Sarasota Herald Tribune 8-24-05
By MATTHEW DOIG
One of the nation's top forensic audio specialists said he can hear a man ask for an ambulance in the background of a 911 call, even though the only man in the room at the time was supposed to be dead.
The report by Paul Ginsberg, who was hired by the Herald-Tribune to analyze the call, casts new doubt on the official version of Murray Cohen's Jan. 13, 2003, death.
Investigators ruled that Cohen, who was 71 and had heart problems, died of natural causes. His 50-year-old wife, Maria Cohen, told Sarasota County sheriff's investigators that her husband never woke up from his afternoon nap.
Days later, Cohen's son told investigators that Maria and his father had married a few weeks earlier, and he believed she murdered him for his million-dollar estate. A five-month investigation cleared Maria Cohen and turned up no evidence that her husband had been murdered.
But Ginsberg's latest findings give Steve Esdale, Murray Cohen's son, more ammunition in his nearly three-year effort to prove that his father's death wasn't natural.
"I can say that there are questions that need to be answered," Ginsberg said. "This doesn't appear to be an open-and-shut case where his father had expired before the 911 call."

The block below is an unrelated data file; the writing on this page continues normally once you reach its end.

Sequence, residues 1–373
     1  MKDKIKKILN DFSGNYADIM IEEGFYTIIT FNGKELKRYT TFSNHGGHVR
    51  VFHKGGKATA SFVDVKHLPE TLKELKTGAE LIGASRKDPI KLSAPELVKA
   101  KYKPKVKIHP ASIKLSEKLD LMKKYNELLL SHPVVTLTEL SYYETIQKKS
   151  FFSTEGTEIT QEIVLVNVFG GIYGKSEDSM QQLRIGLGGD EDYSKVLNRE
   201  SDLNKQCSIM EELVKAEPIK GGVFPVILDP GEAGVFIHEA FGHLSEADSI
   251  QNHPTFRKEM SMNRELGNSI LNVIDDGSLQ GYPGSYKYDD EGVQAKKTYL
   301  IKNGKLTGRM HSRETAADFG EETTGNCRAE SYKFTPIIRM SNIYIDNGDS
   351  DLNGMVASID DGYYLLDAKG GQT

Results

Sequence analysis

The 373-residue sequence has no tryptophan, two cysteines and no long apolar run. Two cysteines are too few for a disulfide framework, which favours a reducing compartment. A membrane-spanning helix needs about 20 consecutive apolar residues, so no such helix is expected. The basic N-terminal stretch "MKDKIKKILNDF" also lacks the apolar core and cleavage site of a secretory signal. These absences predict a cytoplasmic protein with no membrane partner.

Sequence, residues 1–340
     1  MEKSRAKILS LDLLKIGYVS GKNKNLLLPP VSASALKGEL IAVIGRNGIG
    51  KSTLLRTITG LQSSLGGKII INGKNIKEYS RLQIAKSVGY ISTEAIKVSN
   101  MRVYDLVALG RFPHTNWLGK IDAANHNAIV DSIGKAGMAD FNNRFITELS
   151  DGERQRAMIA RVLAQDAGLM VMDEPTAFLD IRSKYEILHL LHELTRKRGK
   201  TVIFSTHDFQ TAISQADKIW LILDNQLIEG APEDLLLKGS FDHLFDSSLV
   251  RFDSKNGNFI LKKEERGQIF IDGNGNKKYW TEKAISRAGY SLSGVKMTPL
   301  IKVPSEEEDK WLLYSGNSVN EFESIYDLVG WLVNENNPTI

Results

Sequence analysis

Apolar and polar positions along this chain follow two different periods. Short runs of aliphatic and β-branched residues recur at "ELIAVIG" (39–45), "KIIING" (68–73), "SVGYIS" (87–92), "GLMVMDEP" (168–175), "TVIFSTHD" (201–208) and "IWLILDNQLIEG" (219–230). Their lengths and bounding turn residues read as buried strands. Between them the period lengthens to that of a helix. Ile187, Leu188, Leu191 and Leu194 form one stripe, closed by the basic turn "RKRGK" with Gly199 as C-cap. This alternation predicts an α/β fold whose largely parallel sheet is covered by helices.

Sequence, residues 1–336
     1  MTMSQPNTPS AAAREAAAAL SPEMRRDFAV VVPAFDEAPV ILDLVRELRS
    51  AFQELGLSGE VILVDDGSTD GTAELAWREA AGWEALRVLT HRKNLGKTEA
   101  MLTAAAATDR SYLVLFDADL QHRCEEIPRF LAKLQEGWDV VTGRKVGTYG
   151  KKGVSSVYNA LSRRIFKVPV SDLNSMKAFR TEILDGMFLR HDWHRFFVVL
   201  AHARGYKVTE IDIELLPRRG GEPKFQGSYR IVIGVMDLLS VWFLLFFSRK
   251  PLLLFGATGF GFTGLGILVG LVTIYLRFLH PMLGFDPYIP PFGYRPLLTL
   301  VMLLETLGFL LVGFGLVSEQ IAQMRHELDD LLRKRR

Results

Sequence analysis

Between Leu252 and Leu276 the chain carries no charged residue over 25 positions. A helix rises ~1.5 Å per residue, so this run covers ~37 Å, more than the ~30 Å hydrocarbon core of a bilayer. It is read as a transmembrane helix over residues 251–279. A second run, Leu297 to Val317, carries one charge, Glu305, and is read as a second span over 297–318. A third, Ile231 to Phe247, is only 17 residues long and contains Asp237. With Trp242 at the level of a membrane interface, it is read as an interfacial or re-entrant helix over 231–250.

With the same techniques he used to transcribe secret FBI recordings from the U.S. government's Waco standoff, Ginsberg enhanced the background noises picked up by the 911 recording system.
He said he can hear a male voice in the background asking, "Didn't you call for an ambulance?" and "You had said you would get an ambulance." He also hears the same voice state, "I should beat you up" and the female caller yelling "Give up."
When the man speaks on the tape, Maria Cohen has already told the 911 operator that her husband is completely unresponsive, not breathing and "totally gone."
Sheriff's spokesman Chuck Lesaltato said Sheriff Bill Balkwill was interested in the new information but would withhold comment until he reviewed a copy of Ginsberg's report.
Maria Cohen's attorney, Steven Chase, said Cohen was unavailable for comment.
"We have no reason to believe that our client had any involvement in the death of Murray Cohen," said Chase, an attorney with the law firm Abel Band.
When the Herald-Tribune presented Esdale with Ginsberg's results, he said "Thank God" and then became too emotional to speak.
Esdale has long claimed that the 911 tape is the smoking gun that could prove his father was murdered.
Based on Esdale's claim about the tape, Balkwill said he ordered a new investigation into Cohen's death in June 2003. Investigators dismissed Esdale's claim after the FBI reported that the unidentified voice was likely just a television or chatter at the 911 call center.
But the official review of the tape has been flawed from the start because it relied on a substandard copy of the 911 call.
According to Lesaltato, the tape reviewed by the FBI was an analog cassette copy of the 911 recording. When the Herald-Tribune hired Ginsberg to analyze the 911 call, he insisted on a digital copy to reduce noises commonly picked up by analog cassette recorders.